The People We Meet: Ticky

November 18, 2016

Go With The Flo

Meet Ticky, one of our coordinators at our Laos location! Before working with us, he was a monk and lived in a Buddhist monastery for twelve years. Leading a monastic life is something Ticky still misses and plans on returning to in the future. For now, however, he is enjoying learning about the outside world and experiencing every bit of it.

We leave you with a short interview, where Ticky talks about the transition from living in a monastery for over a decade to discovering the ins-and-outs of the “real” world.

Hi, first of all, thank you for meeting us! So, what’s your name?

Ticky: Hello, my name is ติกกิ. In English you can call me Ticky.

How old are you and how long were you a monk?

T: I am 26, today actually! I was a monk for 12 years.

When did you leave the monastery?

T: I left the monastery 3 years ago when I was 23.

Why?

T: I graduated from the university and I wanted to know about the outside world… What do they do? What is happening? Because we, monks, are always inside the monastery, we don’t know anything about the outside world. To me, inside meant the temple, which had been my way of life for years. Outside meant the “normal people”. They study, go to work, eat dinner, do sport… In the temple we can’t do sport, we don’t have dinner, we don’t drink… I guess I was curious.

Was it difficult for you to adapt to this new way of living?

T: I remember the first day I left the temple. It was quite difficult for me… I was wondering, how can I go somewhere? I was quite scared, I did not how to drive a motorbike because in the temple we never drive. Bicycle was okay though.

Everything was new to me, I didn’t know to drink (laughs), how to play sport… Two weeks passed, a month and I got used to it. I got use to the people, made a lot of friends, met foreigners and got a job. 

Why did you go to the monastery in the first place?

T: After I finished the primary school, I could not go to high school because there wasn’t one in my village. Besides, we were living in the countryside, quite far from the city, so going there to study was not an option. Therefore, I asked my parents to see if they were okay with me becoming a monk. Of course they were, because I needed to get an education. If I didn’t become a monk, maybe I would be working in the rice fields or making sticky rice all day long… Most of the boys from the country side go to the monastery and they get an education thanks to that.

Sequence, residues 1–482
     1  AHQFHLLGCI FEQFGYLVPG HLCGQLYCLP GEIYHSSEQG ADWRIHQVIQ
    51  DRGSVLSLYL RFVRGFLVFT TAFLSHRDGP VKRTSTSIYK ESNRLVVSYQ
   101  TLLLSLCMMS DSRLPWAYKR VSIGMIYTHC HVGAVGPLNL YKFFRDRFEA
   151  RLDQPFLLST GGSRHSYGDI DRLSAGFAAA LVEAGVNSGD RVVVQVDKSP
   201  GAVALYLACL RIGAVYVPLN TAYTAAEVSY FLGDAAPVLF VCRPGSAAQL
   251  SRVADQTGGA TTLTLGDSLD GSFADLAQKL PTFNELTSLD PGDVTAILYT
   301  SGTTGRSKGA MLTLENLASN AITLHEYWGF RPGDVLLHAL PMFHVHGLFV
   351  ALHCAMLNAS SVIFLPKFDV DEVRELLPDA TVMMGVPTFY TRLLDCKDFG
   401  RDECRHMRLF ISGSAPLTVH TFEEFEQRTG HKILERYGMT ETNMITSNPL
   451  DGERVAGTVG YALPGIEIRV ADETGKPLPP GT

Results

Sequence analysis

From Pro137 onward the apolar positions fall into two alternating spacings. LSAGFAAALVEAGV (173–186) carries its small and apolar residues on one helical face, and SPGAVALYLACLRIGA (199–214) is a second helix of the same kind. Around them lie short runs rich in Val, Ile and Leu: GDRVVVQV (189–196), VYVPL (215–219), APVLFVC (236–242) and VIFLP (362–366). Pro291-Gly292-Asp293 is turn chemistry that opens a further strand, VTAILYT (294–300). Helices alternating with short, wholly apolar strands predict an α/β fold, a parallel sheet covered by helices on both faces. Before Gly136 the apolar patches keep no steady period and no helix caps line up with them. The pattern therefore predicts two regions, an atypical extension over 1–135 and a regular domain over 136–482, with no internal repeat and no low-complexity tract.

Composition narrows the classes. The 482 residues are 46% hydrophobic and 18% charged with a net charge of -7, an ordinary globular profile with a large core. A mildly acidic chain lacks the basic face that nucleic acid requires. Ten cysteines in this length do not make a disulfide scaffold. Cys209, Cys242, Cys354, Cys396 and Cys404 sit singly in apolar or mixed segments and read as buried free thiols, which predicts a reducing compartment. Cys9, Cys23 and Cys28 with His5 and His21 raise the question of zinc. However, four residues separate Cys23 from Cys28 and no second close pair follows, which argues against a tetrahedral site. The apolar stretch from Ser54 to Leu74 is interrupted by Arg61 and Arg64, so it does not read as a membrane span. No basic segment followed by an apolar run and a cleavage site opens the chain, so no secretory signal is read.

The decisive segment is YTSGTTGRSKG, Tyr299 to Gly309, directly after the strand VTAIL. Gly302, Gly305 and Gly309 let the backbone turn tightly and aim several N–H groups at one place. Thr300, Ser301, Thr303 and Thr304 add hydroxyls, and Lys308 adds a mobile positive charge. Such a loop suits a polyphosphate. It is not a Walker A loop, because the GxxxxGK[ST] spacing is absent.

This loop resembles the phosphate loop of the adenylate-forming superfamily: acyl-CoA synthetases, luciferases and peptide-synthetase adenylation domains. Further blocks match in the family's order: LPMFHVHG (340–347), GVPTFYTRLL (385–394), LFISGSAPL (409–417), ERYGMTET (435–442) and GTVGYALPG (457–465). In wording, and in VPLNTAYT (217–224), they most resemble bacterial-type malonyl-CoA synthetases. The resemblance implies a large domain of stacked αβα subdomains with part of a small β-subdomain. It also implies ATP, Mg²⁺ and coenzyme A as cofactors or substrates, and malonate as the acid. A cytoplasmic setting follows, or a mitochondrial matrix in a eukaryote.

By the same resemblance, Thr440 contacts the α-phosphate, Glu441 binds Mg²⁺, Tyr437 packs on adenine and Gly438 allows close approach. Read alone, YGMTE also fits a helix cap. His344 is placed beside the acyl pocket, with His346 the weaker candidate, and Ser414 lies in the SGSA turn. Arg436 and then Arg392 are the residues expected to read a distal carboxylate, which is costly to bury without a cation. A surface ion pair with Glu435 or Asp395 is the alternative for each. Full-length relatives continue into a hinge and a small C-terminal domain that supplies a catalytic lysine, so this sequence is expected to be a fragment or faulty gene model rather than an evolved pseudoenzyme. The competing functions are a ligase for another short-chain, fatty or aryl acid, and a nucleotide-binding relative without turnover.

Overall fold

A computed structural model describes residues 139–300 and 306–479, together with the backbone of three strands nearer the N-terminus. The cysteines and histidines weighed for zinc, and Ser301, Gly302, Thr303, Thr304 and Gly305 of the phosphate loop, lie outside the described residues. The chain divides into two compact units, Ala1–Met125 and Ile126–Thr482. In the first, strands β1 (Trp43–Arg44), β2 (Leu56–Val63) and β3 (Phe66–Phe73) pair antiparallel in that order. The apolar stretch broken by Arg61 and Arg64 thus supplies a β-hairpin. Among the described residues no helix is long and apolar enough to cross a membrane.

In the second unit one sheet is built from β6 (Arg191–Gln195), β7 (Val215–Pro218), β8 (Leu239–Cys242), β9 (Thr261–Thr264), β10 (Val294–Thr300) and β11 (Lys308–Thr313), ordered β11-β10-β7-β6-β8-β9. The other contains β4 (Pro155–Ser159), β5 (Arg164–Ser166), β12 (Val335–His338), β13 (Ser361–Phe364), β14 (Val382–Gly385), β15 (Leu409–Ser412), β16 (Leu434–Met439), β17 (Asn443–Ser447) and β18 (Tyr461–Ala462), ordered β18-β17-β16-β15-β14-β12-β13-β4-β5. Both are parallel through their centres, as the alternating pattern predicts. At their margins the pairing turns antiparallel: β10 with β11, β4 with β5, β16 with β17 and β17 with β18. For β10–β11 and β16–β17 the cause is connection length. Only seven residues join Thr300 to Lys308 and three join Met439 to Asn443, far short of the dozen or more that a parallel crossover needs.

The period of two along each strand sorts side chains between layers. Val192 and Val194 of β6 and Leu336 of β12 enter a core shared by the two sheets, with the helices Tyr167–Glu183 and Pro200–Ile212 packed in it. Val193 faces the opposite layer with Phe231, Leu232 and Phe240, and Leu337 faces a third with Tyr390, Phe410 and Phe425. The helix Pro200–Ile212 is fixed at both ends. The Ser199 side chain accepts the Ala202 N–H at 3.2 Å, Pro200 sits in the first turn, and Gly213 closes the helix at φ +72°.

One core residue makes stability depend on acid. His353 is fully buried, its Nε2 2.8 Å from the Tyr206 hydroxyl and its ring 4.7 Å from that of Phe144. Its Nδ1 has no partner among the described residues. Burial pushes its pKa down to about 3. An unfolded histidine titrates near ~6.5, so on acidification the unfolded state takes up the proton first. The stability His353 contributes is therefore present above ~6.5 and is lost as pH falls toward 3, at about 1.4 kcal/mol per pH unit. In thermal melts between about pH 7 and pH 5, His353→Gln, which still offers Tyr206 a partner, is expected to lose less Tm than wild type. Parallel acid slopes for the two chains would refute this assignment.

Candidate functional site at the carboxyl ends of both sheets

What do you miss from the temple?

T: I really miss wearing the orange robe. I miss the temple too, my friends, chanting, praying, meditating…

What about something you don’t miss?

T: To be honest with you, there is nothing I don’t miss from the temple.

So, do you see yourself going back to the monastery in the future?

T: Definitely, yes. I think when I get older, maybe around 60 or 70, I will go back to be a monk. In the temple, the life is peaceful. You meditate, people come to offer you food and you chant for them, bless them. It is a simple life and I love it.

How did you learn English?

T: I started to learn English in high-school. Monks study English in the monastery and in high-school as well. We don’t go to regular schools or universities but we have the equivalents for monks only. After high-school I went to college and my major was English to become a teacher. I then continued studying to the University of Vientiane. I stayed 9 years in Luan Prabang (my home town) and then moved to Vientiane (the capital city) for 3 years.

What other language would you like to learn?

T: I would like to learn French and Chinese.

Is there something you absolutely want to do before going back to the temple?

T: I want to travel. I would love to go to Europe. In Spain, Germany…

Go With The Flo

Flo and Skarlet form an unbeatable duo of wild inspiration that makes up their artistic style. Flo, coming from the underground French society of Bordeaux and Skarlet adding the spice obtained from her Mexican roots, the two create a blend of diverse artistic visions and senses to their work.

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